In 1943, he flew back to Germany on his own initiative to try and convince Hitler of the situation in Africa. Hitler refused to listen, and soon after, a quarter of a million Axis troops surrendered in Tunisia (including Rommel's remaining 100,000 Afrika Korps combat- and logistics-troops). He was transferred to the B-front in Greece (one of the five eastern fronts), where an Allied invasion was expected thanks to a British deception operation. When it became clear that the Germans had been fooled (the British and Americans instead invaded Sicily), Rommel and Army Group B were transferred to France in expectation of D-Day. By 1944, it was clear that the Allies were going to attempt a return to France. He oversaw a massive expansion of the Atlantic Wall, turning it from a token propaganda fortress to a major thorn in the side of Allied planners. Despite this, he was fooled with the rest of the German staff into believing that the Allied invasion would come through the Pas-de-Calais.note Correctly, however, Rommel knew that wherever the invasion did come, it could only be resisted by hitting it immediately with overwhelming force and smothering it at birth. However, due to Germany's devastating panzer-losses in the Ukrainian campaigns during the winter of 1943-44, very little forces were available for this and those that were available were generally 'green'. Worse, the command system remained highly fragmented with Rommel and the Heer commanding the bulk of the land forces but the paratroops and flak troops under Luftwaffe control - the command-situation was even worse in the eastern theatre, where the Luftwaffe actually had field-divisions numbering some 200,000 combat troops (a tenth of the total). There was even a battalion of Marines and the crews of most of the heavy defensive guns under command of the Navy (which at least made a bit of sense, as those guns were essentially battleship main guns mounted in bunkers or on special railroad carriages)- and this is before the prime battle formations of the Waffen-SS and the Panzer Lehr under Hitler's direct command.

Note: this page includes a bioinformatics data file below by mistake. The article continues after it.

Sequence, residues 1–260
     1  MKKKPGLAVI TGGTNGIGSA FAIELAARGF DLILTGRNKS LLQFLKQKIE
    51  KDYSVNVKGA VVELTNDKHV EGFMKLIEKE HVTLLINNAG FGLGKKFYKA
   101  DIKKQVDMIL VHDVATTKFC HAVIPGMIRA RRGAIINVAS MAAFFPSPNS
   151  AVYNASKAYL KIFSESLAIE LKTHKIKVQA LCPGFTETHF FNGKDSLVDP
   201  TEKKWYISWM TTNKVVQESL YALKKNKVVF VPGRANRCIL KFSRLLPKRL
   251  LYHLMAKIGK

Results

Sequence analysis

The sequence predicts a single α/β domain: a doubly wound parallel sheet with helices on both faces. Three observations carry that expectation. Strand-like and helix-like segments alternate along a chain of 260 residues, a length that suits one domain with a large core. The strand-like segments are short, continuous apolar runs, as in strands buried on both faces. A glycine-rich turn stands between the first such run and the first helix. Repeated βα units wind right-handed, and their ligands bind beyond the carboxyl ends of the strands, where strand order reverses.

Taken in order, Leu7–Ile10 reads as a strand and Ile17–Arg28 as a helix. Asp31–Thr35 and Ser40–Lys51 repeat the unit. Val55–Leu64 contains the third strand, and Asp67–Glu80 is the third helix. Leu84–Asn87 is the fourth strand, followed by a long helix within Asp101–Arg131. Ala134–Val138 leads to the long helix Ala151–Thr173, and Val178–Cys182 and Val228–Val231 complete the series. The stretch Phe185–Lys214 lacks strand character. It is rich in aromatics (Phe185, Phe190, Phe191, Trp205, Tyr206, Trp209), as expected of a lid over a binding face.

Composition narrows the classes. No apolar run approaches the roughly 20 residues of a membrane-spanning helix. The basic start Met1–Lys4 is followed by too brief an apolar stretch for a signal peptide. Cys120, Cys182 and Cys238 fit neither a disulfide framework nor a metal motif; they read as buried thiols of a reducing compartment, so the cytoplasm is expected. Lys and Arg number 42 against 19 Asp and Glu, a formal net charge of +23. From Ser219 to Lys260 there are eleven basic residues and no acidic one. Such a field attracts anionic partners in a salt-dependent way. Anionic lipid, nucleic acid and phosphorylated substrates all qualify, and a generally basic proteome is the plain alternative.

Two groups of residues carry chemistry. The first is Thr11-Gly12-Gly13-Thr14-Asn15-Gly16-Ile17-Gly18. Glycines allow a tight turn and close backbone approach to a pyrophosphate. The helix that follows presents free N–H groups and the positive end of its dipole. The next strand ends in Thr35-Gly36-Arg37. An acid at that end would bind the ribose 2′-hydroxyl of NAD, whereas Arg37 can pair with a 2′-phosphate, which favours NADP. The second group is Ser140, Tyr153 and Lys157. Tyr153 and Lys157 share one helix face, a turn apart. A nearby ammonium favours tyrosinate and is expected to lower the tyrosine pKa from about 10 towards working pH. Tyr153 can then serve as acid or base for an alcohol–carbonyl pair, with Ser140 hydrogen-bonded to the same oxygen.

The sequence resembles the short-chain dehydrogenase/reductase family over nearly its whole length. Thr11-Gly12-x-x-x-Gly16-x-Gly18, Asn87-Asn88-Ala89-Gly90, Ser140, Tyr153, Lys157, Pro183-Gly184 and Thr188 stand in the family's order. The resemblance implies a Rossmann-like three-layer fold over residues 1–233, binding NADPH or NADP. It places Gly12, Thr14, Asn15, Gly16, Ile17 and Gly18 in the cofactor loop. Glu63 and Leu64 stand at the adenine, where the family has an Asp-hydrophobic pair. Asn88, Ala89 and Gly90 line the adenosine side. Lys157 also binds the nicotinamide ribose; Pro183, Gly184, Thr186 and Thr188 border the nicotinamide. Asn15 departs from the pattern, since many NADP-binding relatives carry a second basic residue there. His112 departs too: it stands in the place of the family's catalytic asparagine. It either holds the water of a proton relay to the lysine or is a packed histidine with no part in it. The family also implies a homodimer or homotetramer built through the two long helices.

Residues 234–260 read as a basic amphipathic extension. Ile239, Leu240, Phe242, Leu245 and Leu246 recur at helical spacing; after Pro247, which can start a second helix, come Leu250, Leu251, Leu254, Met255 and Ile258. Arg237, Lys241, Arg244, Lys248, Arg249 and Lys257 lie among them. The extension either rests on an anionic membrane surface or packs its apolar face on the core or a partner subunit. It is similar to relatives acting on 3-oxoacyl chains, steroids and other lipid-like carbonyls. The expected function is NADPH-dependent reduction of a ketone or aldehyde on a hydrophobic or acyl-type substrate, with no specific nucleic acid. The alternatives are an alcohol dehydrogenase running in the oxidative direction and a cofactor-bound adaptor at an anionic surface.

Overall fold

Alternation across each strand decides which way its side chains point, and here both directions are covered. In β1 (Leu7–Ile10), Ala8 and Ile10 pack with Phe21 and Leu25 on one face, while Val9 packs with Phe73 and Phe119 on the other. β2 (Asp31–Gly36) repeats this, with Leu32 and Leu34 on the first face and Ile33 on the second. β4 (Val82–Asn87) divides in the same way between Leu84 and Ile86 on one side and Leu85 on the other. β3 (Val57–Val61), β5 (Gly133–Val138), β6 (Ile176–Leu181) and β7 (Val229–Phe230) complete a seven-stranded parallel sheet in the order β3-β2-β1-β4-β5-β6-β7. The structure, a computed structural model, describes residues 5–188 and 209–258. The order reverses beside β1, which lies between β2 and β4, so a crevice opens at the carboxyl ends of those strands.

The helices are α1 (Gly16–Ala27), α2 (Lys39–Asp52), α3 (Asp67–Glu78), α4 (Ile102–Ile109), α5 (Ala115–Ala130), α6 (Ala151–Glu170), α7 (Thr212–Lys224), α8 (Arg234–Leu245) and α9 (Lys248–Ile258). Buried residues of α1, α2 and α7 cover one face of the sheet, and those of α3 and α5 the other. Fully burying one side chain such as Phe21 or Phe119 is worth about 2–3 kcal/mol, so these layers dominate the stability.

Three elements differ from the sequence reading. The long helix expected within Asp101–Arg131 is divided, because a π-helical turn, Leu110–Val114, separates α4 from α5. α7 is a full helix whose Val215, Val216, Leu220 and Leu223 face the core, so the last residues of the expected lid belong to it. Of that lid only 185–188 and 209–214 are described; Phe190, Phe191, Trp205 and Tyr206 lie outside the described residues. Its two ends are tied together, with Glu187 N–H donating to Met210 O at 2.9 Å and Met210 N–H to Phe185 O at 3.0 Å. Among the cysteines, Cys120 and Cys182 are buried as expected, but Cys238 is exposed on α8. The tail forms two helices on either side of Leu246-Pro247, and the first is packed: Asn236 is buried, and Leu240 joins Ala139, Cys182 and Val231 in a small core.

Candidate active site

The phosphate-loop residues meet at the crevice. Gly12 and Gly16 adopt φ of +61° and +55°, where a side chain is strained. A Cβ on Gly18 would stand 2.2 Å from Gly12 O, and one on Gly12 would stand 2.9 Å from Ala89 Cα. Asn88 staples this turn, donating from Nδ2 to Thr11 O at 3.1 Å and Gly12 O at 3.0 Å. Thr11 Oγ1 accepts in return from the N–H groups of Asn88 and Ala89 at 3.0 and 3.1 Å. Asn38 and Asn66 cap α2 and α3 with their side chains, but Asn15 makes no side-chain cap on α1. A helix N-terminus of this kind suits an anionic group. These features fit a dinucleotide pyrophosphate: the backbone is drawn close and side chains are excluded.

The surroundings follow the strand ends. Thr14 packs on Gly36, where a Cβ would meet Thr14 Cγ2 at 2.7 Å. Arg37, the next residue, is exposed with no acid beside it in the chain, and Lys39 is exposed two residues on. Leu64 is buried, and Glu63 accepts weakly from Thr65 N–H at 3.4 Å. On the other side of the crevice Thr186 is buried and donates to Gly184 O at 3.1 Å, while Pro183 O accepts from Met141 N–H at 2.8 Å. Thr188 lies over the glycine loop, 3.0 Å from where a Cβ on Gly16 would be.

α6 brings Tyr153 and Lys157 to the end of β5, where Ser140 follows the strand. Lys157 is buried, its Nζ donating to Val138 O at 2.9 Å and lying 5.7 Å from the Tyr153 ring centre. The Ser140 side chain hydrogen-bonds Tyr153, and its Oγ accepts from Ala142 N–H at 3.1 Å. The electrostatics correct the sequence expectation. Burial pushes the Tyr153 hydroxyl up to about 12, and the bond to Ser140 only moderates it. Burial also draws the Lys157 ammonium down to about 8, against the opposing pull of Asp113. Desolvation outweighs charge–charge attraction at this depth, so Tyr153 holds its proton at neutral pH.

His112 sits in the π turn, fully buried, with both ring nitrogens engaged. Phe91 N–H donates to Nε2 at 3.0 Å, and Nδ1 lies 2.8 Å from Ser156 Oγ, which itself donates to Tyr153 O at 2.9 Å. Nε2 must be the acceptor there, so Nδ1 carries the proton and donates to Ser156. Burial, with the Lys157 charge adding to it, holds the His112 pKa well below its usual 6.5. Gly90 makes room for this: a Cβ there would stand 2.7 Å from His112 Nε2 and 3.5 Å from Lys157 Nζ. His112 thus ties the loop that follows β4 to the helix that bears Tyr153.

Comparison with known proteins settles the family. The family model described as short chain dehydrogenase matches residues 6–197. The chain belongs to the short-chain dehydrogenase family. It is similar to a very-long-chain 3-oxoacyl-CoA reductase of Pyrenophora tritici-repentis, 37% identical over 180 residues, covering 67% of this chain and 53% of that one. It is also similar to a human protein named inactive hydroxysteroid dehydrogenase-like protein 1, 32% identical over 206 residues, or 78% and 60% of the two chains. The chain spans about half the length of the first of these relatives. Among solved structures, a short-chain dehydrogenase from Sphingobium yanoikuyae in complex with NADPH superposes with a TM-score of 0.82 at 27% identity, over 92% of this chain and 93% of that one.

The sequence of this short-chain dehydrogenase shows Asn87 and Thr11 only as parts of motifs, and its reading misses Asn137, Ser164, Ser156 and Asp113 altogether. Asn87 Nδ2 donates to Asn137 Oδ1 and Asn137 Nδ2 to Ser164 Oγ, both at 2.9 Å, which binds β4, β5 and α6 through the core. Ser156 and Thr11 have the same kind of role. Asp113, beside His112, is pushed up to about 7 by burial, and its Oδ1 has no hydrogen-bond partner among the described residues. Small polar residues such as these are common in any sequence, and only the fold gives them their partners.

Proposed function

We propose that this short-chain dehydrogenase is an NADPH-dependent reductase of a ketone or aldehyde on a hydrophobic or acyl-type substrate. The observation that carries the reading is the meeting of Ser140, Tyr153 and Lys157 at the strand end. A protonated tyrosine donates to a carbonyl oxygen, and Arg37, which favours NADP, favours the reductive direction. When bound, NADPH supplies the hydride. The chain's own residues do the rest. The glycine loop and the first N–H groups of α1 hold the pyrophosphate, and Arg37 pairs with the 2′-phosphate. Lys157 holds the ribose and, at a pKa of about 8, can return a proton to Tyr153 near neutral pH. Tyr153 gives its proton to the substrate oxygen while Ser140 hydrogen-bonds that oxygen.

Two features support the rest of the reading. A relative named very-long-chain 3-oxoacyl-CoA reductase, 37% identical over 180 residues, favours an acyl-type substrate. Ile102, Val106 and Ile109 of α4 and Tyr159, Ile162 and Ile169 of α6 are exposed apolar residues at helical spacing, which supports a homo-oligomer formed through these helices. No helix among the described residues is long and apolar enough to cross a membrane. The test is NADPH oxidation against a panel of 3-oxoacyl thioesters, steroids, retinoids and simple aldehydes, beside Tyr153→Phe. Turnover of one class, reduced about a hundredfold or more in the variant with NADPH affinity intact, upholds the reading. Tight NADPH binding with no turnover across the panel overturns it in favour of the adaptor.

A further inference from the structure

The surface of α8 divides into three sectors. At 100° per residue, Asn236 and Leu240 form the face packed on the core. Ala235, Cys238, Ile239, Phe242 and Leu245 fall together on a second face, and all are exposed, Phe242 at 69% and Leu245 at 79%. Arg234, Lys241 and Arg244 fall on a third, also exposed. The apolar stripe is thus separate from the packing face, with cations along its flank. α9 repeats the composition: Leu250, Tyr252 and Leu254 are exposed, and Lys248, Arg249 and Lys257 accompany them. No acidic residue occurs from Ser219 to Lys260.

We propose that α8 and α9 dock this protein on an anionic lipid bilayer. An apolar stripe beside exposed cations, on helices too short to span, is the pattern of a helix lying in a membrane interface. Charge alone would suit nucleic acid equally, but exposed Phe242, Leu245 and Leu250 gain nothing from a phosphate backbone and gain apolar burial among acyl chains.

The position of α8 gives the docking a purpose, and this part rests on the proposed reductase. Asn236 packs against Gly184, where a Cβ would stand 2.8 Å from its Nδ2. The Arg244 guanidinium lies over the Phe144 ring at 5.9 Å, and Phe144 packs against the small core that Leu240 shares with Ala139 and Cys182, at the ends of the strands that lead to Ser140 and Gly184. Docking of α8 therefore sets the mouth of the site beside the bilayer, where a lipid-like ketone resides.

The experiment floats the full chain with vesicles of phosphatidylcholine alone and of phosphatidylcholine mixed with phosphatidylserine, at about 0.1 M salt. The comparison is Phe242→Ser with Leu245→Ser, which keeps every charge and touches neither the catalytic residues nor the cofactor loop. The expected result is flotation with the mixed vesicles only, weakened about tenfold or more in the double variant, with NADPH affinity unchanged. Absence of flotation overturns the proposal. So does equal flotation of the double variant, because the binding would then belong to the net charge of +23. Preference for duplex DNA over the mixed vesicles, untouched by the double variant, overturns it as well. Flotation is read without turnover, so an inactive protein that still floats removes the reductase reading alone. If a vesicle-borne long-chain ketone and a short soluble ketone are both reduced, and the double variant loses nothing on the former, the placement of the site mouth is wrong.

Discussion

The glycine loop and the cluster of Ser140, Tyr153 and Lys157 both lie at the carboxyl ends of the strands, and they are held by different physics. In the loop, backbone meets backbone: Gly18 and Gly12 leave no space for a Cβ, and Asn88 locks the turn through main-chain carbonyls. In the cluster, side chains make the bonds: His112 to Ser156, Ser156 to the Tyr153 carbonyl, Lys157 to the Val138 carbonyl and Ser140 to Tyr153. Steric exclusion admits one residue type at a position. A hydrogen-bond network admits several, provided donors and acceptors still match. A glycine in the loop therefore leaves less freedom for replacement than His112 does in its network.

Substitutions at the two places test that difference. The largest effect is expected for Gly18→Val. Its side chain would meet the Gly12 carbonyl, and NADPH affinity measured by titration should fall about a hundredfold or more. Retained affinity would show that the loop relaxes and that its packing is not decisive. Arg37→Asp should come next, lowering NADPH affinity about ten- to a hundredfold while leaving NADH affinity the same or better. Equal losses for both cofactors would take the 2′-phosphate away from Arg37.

Denied freedom of action from above and sufficient resources by the titanic struggles in the east, Rommel did his best with what he could - stopping his old enemies, the British, from taking Caen on D-Day, using under-strength infantry and panzer forces. (It certainly didn't help that Rommel was back in Germany celebrating his wife's birthday and nobody thought there would be a break in the weather that would allow an invasion.) Meanwhile, the elite Panzer Lehr and fanatical 12th SS Panzer Divison Hitlerjugend were kept uselessly in place by Hitler, whilst the 2nd SS Panzer Division Das Reich was wasted fighting La Résistance in the Corrèze and the 15th Panzer Division dawdled in Calais, waiting for the real invasion, which would never come. On the 17th of July, returning from 1st SS headquarters, a Canadian Spitfire strafed his staff car, throwing him from the vehicle and putting him in hospital. The defense plan he had put in place just before this stopped the Allied advance of "Operation Goodwood" the day after his injury. However, Goodwood set up the next offensive a week later that resulted in the shattering of the German line in France, which may have suffered from Rommel's absence but neither he nor anyone else by that point could have altered the outcome.
Rommel returned to his family home in Ulm at the end of his convalescence, expecting to be sent back into combat. However, it was not to be. On July 20th, the anti-Nazi officer Claus von Stauffenberg detonated a bomb in Hitler's headquarters in East Prussia. After the bomb failed to kill Hitler and the conspirators failed to take over the country, Gestapo revenge was swift. Rommel was implicated (while Rommel didn't necessarily assist the plotters, he certainly knew about the whole thing and didn't bother to tell anybody). Rather than allow a decorated hero to be dragged before the People's Court and wreck national morale, Hitler instead dispatched General Wilhelm Burgdorf with a vial of cyanide and the threat that, if Rommel did not commit suicide, he would be punished. Rommel said goodbye to his wife and son. Manfred asked if the family should not stand and fight. Erwin replied that it was better for only him to die than suffer. "Besides," he said, "we've no ammunition." A few minutes later, he bit on the vial, killing himself. He was 52 years old.